By Luke Murray
Congratulations! You matched! You now have before you a chunk of free time the likes of which you have probably not seen in years and will probably not see again for many more.
Yes, you’ve had summer vacation in the past, but you’ve always had something hanging over your head – research after first year, Step 1 after second year, Step 2 and residency applications after your third year…but now? Nada.
Sure, you need to move and get some logistics in order, but other than that, there’s no resume-padding activity required, no life-or-death test you need to be studying for – nothing. In order to help you think through your options and maximize the general awesomeness of this experience, I’ve put together three C’s you might want to consider:
Celebrate – This is the first word that comes to mind, and it might be the only one you can think of at the moment. The urge to party at this point rivals ‘I-just-finished-step-1’ intensity. But while I’m not against ‘going out’ with your classmates and friends, I’d like to suggest you open your mind to a bit more than a celebratory night on the town.
I have friends that went backpacking through Nepal, another group through Europe, and yet another that went to Hawaii to take pictures. These were vacations, true, but they were vacations of the ‘epic’ and ‘purposeful’ variety. Check something off your bucket list with those closest to you. Don’t just get drunk and veg out on some crowded, tourist-trap beach for the next two months.
Connect – I love my grandparents. They are almost 80 years old, but they are still taking care of foster children, working on their farm, and managing a family getaway in the mountains. They also have one of the most fun and solid marriages I’ve ever seen. I aspire to be like them when I grow up.
But they live three timezones away, in a tiny town called Weston, OR. The rest of my family is scattered throughout other parts of Oregon and Washington. I get to see them once a year, at most. So in between medical school and residency, I took three weeks and went on tour – making four different stops to visit each branch of the family individually. These were some of the most rewarding ‘visits’ of my life. It was a whole new experience to sit with them in their living room for a few hours in a row, hearing about their lives and sharing the struggles and triumphs of my own. I felt that I got to know and connect with them better in that one visit than I had in the past 10 years of “catching up” in the middle of a family reunion. Also, you never know when you’ll have the opportunity to connect purposefully like this again. That trip was the last time I got to spend time with my uncle. He passed away unexpectedly less than two months after I visited.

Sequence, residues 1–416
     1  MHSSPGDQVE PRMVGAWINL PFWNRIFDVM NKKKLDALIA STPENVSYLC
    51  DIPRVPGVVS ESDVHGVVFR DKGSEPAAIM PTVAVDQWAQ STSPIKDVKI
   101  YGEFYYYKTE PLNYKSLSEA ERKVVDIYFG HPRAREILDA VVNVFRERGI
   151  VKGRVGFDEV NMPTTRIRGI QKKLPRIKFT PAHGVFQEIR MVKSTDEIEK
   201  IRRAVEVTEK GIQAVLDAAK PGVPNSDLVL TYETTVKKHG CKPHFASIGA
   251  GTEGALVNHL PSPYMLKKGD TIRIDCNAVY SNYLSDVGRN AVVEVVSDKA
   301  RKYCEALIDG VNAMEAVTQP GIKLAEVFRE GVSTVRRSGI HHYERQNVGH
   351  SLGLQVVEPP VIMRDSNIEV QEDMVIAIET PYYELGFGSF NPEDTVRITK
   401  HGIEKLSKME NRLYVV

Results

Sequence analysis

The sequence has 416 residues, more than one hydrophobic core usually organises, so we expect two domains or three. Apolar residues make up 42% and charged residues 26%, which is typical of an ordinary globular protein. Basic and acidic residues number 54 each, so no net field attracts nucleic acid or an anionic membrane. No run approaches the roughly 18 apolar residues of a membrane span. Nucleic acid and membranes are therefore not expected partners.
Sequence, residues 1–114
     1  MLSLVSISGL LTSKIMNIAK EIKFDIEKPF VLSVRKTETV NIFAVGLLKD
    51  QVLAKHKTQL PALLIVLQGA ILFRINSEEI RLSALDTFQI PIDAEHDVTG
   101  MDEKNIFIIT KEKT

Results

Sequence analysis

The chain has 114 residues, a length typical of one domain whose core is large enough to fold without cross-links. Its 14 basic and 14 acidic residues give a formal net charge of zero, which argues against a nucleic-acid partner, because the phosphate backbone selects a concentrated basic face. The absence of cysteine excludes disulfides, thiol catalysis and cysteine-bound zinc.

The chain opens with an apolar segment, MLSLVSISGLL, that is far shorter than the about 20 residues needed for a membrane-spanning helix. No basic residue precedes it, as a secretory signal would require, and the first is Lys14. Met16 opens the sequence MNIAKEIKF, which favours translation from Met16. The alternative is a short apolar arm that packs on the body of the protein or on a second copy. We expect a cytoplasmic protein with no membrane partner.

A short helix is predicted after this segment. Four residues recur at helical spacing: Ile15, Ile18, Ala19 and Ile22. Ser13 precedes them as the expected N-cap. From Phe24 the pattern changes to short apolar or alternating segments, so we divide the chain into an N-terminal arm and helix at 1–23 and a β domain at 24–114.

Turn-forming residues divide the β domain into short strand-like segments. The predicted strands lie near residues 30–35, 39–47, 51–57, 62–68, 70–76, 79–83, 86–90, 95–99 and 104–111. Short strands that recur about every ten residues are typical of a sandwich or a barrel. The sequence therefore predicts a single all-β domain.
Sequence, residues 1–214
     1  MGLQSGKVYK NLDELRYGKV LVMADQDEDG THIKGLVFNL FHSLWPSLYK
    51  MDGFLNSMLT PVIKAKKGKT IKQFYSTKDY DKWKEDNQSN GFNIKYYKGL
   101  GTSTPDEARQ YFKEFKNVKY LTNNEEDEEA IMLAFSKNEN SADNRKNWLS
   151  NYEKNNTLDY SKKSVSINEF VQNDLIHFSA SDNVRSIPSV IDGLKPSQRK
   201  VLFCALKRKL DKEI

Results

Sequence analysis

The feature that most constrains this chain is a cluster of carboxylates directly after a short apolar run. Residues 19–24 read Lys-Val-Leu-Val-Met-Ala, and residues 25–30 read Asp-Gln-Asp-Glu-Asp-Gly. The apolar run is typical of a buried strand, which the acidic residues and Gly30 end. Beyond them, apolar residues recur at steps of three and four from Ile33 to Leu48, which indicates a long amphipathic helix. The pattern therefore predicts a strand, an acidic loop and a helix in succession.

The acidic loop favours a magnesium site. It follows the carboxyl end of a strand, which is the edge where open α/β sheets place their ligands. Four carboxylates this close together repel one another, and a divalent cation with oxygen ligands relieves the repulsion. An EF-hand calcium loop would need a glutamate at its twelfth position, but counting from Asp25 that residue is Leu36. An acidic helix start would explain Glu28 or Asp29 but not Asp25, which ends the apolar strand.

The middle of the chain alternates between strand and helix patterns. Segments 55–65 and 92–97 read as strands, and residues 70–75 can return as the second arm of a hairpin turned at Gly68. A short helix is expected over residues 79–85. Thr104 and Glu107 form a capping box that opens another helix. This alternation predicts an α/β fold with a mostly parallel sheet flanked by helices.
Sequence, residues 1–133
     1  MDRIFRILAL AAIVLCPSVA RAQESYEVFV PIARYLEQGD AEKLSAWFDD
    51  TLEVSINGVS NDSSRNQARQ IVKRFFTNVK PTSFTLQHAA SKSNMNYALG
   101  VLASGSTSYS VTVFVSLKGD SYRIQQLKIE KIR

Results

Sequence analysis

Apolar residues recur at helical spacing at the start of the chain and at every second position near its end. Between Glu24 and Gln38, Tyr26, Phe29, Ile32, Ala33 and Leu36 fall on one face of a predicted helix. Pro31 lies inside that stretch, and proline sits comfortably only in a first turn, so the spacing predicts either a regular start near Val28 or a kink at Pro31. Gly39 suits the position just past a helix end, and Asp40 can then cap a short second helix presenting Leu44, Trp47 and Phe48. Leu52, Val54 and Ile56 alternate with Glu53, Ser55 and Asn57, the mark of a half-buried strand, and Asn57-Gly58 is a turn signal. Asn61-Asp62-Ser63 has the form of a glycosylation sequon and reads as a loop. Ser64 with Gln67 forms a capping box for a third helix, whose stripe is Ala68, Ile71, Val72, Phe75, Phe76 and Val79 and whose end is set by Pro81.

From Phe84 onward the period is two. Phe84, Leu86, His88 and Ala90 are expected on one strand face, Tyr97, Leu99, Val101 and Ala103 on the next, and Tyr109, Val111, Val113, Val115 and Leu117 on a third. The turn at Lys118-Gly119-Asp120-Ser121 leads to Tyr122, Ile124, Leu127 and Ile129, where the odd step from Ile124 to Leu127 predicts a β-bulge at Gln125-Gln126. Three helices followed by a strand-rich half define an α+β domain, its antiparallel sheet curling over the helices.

Create – I like to write, to play music, to sing, to grow ideas into companies. I did so little of that during medical school that I almost forgot that it used to be a big part of my life. I used to stay home on Friday nights during my senior year of high school because I was so caught up in playing guitar. I skipped the homecoming football game because I was busy washing golf balls I’d fished out of a local pond to sell. And I’d done almost none of this kind of stuff over the past several years of medical school. So, in addition to the “family tour,” I wrote about my time in medical school, jammed on my guitar, and worked down at the small business I’d helped start and then had to ignore during much of my medical career. What creative endeavors have you put down since medical school started? Pick them back up, and dust them off before you have to shelve them again for another half-decade.